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Natural? Windshield Wiper Fluid

So this hasn't happened yet, but someday my car window washing fluid will run out

I use vinegar for a lot of indoor cleaning-- and it's good for windows

but will it somehow damage my car if I pour a gallon in where the usual cleaning fluid goes?

Logic would lead me to believe it would be just fine-- the vinegar is already in a plastic jug and it doesn't harm glass.

anybody do this themselves or hear about it somewhere?

Some googling turned up a recipe

-Distilled Water
-Isopropyl Alcohol (doesn't freeze till -20 F)
OPTION: RainX additive: $8/10oz (I have seen this for ~$5)

Mix: 1 gallon water, 8oz Alcohol, 2oz soap (+/- 2oz RainX).

Benefit? Normal fluids use Methanoyl = poison



( 17 comments — Leave a comment )
Jun. 26th, 2010 09:55 pm (UTC)
Wouldn't hurt your windshield, but your paint is another story.
Jun. 26th, 2010 10:01 pm (UTC)
Valid Point Brought up
Another rumor is that vinegar poured onto a car can cause discoloration. This is not true. Unless the vinegar is very acidic and left on the car in the sun for a very time, it will not destroy car paint.

Read more: Best Way - Ways to Destroy Car Paint | eHow.com http://www.ehow.com/way_5175848_ways-destroy-car-paint.html#ixzz0s00BeVVn

though I suppose they could be wrong
Jun. 26th, 2010 10:08 pm (UTC)
Re: Valid Point Brought up
Repeated use without washing it off promptly would certainly damage the clear coat if it maxes it through the wax. If you're one of those people that washes twice a week and waxes once a month, then probably no problem, but I think it would be problematic for people like me who wash twice a year and wax every four years. :)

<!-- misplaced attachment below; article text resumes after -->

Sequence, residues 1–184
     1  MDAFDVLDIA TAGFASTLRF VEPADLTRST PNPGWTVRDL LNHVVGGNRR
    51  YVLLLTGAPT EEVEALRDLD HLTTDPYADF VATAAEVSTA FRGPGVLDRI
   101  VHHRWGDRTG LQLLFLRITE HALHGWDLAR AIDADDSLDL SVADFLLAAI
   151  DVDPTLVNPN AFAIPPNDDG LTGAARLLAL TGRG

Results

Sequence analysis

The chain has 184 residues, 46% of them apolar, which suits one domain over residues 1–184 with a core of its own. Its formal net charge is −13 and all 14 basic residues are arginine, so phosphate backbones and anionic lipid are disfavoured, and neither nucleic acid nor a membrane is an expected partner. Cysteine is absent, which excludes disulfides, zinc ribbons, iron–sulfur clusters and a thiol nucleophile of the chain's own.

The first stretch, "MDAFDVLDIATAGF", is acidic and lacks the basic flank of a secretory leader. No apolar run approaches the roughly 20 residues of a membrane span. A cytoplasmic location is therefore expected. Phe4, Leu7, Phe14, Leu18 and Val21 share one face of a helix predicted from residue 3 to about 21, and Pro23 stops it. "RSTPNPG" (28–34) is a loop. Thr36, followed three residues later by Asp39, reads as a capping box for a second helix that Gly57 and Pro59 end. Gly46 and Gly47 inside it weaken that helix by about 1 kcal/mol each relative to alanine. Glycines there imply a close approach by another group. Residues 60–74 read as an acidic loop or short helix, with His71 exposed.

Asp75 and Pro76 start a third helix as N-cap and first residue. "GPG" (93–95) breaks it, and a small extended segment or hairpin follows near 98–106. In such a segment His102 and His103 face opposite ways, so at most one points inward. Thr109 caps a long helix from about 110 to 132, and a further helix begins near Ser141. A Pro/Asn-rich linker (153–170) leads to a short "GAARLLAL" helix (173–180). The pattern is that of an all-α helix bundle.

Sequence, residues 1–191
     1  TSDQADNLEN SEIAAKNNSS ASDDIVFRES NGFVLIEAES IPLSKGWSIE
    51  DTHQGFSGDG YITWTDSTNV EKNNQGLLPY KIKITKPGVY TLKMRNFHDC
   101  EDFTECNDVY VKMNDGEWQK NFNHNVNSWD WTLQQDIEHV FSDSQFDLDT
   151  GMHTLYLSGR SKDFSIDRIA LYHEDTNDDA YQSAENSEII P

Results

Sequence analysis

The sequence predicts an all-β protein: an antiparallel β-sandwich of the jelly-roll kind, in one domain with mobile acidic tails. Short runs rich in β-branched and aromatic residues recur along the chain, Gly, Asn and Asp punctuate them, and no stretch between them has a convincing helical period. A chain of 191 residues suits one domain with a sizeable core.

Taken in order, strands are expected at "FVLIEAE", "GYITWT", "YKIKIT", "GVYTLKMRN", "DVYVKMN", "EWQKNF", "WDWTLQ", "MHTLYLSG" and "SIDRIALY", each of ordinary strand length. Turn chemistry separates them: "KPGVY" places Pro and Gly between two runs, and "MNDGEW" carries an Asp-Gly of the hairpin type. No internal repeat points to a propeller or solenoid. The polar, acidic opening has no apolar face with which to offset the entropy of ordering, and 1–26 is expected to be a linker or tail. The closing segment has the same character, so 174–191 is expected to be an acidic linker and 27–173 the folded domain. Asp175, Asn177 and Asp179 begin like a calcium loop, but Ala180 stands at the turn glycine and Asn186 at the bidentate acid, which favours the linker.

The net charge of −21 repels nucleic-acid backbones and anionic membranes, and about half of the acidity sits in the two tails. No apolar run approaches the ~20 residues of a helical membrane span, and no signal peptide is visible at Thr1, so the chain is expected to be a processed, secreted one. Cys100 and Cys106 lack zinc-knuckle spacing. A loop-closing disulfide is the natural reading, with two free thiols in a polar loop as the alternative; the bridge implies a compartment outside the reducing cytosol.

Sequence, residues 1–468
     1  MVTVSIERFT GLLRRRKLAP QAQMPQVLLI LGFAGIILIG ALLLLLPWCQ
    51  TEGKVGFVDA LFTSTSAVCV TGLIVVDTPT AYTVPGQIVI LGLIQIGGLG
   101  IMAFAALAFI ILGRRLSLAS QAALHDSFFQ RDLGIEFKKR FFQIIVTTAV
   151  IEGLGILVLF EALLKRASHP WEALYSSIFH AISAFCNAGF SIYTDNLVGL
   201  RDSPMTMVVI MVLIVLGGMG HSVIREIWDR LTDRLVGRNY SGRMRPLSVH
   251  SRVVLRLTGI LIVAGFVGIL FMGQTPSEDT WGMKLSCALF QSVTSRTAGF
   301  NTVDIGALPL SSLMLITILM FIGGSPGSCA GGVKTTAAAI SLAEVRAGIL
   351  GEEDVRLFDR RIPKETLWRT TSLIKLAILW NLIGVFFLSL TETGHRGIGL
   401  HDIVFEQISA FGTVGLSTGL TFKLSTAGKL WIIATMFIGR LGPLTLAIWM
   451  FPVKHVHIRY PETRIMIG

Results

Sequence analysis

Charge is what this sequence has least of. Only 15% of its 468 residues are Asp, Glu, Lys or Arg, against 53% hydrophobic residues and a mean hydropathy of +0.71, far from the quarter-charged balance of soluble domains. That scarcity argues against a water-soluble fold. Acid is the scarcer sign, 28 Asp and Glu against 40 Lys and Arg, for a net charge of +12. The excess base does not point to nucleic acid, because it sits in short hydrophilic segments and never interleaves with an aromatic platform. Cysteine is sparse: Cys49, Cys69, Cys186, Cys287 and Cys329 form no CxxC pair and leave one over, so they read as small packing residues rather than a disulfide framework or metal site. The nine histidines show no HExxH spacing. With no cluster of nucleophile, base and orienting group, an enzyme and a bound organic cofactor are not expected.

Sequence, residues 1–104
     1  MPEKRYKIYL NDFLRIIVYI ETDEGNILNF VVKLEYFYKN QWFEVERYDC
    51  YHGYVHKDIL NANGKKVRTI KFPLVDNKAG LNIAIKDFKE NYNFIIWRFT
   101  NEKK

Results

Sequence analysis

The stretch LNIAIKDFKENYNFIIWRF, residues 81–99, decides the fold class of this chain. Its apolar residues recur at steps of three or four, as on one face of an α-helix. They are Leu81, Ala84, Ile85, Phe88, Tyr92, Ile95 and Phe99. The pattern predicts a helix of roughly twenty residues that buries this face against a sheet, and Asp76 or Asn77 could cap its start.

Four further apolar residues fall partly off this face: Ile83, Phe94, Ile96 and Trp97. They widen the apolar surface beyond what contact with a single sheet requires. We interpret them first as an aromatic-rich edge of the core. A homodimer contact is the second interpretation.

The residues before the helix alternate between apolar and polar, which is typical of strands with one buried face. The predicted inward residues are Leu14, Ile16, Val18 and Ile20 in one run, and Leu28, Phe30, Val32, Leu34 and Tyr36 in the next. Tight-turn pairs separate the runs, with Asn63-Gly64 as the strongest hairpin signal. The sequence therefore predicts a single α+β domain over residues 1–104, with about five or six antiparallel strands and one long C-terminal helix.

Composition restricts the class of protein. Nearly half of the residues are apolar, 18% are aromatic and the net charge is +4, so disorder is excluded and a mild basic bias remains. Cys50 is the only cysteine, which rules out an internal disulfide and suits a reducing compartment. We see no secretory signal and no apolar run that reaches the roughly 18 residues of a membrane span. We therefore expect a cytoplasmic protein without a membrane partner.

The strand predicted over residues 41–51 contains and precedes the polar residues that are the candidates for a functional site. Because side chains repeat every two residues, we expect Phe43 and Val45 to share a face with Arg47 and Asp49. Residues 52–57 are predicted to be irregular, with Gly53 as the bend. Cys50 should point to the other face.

Jun. 26th, 2010 10:15 pm (UTC)
Re: Valid Point Brought up
Very true! I was by no means saying you were wrong-- that was only the first google link that showed up

I usually take my car through a car wash once a month due to frequent traveling and thick bug build up- a car wash is supposed to dispose of the run off properly as opposed to my home stuff soaking into the ground.
Jun. 26th, 2010 09:55 pm (UTC)
isn't wiper fluid made not to freeze in below zero temperatures? sounds like a bad idea to me and if it did freeze it could cause damage to your car.
Jun. 26th, 2010 10:04 pm (UTC)
A Truth!
A typical commercial vinegar with a 5% acetic acid content will have a freezing point of about -2 degrees Celsius (28 F).


hadn't even thought of that - well bummer. I guess there went that idea ^_^
Jun. 26th, 2010 10:11 pm (UTC)
Re: A Truth!
I agree with the paint issues but my windshield cleaner definitely freezes.
Jun. 26th, 2010 10:22 pm (UTC)
Re: A Truth!

Do you live in a place where that will be a very big issue? I generally just use plain water for my wiper fluid and find that unless it is on some of the *really* cold days the heat from my engine is generally enough to keep my washer well from freezing. If you are in a place that is really cold, though, I'm not sure there are a lot of good natural methods. I read where some people have used detergents to help, and we all know there are various brands of detergent that are more earth-friendly than others. :)
Jun. 26th, 2010 11:27 pm (UTC)
Re: A Truth!